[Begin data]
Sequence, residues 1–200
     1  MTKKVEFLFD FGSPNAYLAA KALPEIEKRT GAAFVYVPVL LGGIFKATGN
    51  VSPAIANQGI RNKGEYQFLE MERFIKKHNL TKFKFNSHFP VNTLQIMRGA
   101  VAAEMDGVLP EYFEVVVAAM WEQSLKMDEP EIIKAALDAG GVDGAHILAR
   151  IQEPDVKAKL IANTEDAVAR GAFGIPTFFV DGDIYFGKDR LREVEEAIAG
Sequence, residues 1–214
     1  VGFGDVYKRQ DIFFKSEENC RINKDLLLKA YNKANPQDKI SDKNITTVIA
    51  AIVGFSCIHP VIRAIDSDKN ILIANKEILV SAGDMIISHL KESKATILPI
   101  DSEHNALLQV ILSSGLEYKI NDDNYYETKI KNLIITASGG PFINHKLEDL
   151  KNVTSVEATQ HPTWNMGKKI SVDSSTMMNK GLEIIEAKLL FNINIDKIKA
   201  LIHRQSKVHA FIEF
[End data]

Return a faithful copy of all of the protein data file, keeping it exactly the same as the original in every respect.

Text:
Sequence, residues 1–200
     1  MTKKVEFLFD FGSPNAYLAA KALPEIEKRT GAAFVYVPVL LGGIFKATGN
    51  VSPAIANQGI RNKGEYQFLE MERFIKKHNL TKFKFNSHFP VNTLQIMRGA
   101  VAAEMDGVLP EYFEVVVAAM WEQSLKMDEP EIIKAALDAG GVDGAHILAR
   151  IQEPDVKAKL IANTEDAVAR GAFGIPTFFV DGDIYFGKDR LREVEEAIAG
Sequence, residues 1–214
     1  VGFGDVYKRQ DIFFKSEENC RINKDLLLKA YNKANPQDKI SDKNITTVIA
    51  AIVGFSCIHP VIRAIDSDKN ILIANKEILV SAGDMIISHL KESKATILPI
   101  DSEHNALLQV ILSSGLEYKI NDDNYYETKI KNLIITASGG PFINHKLEDL
   151  KNVTSVEATQ HPTWNMGKKI SVDSSTMMNK GLEIIEAKLL FNINIDKIKA
   201  LIHRQSKVHA FIEF